Series of attacks target Shia worshippers
A series of bomb attacks mainly targeting Shia worshippers killed 58 people on Friday, including 25 near the main Baghdad office of an anti-U.S. Shia cleric, said officials.
The violence demonstrated militants remain a potent force days after Iraqi authorities announced the killing of the top two Al-Qaeda in Iraq leaders in what they described as a major blow. Extremists are also seeking to exploit political deadlock after the inconclusive March 7 parliamentary election and ignite sectarian warfare as U.S. forces prepare to go home.
The biggest of Friday's bombings took place just a few hundred yards from the compound of cleric Moqtada al-Sadr in Baghdad's vast slum of Sadr City as worshippers gathered for Friday prayers.
Two car bombs and a roadside bomb exploded around 1:30 p.m., killing 25 people and wounding an estimated 150, according to hospital and police officials.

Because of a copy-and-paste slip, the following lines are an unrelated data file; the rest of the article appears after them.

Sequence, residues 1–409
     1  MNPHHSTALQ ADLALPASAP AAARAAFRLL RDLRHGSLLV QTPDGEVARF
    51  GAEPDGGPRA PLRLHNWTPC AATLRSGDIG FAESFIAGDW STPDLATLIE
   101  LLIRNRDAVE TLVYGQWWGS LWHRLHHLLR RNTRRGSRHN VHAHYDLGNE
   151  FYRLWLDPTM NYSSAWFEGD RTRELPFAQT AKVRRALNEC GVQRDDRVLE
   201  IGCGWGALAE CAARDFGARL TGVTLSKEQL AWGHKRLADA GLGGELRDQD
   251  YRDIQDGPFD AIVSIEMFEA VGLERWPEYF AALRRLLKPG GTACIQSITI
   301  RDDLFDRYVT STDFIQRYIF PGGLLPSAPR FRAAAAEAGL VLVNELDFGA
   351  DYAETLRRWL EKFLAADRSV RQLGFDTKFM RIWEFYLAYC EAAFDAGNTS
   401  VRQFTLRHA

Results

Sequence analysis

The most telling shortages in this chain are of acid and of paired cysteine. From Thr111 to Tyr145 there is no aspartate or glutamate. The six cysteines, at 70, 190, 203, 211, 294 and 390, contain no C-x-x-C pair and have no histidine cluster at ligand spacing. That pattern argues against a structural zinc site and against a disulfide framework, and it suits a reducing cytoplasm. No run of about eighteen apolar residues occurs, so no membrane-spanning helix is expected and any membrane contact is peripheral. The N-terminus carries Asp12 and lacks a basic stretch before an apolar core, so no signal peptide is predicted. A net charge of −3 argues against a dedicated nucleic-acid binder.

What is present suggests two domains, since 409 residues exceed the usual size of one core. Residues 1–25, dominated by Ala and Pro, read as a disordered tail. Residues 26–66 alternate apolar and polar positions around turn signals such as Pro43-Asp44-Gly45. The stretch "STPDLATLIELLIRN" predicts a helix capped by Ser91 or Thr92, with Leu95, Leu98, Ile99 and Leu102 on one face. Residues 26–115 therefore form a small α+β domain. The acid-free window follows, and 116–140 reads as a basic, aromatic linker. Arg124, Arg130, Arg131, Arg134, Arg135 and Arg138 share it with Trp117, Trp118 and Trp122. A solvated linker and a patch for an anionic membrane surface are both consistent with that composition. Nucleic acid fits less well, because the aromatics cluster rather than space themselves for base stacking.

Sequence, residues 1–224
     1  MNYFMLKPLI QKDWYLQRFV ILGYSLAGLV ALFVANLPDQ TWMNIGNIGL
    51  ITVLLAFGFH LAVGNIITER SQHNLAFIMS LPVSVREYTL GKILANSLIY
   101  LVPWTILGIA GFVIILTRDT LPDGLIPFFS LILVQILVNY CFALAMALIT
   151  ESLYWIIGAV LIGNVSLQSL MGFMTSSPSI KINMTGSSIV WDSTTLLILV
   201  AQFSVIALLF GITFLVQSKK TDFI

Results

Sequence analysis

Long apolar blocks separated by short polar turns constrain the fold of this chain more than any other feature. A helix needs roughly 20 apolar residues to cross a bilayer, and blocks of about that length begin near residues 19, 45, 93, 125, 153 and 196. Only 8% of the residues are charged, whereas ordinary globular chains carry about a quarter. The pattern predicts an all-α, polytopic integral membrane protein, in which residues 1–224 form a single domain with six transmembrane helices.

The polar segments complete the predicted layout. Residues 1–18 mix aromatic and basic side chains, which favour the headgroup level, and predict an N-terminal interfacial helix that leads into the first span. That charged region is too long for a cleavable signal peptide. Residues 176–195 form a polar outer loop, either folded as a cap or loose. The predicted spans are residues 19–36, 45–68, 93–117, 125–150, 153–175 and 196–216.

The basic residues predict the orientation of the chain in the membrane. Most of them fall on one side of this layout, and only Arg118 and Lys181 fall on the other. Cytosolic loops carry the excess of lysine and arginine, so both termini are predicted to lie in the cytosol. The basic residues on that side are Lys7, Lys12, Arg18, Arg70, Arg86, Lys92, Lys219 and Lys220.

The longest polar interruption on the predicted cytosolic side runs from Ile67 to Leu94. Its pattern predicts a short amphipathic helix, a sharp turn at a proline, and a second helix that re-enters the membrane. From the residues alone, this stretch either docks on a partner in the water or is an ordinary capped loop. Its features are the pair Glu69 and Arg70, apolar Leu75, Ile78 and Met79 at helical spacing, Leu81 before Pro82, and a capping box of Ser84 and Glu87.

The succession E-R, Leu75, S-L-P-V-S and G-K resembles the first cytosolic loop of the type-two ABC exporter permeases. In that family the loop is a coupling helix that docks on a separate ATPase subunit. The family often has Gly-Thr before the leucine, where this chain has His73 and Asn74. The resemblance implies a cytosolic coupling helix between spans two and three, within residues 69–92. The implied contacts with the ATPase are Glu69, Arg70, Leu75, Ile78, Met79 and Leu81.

The blasts left blood streaming down muddy streets. Men carried victims away using bed sheets as makeshift stretchers and loaded them into the backs of trucks and rushed them to the hospital. One man fled carrying a young girl whose pink dress was stained with blood.
Many who gathered at the scene pelted Iraqi security officials with stones when they arrived in the area, frustrated with their apparent inability to secure the city. Security officials fired in the air to disperse the crowd.
Bombings elsewhere in Iraq — most of them targeting Shia worshippers — killed 33 other people in one of the deadliest days the country has seen in weeks.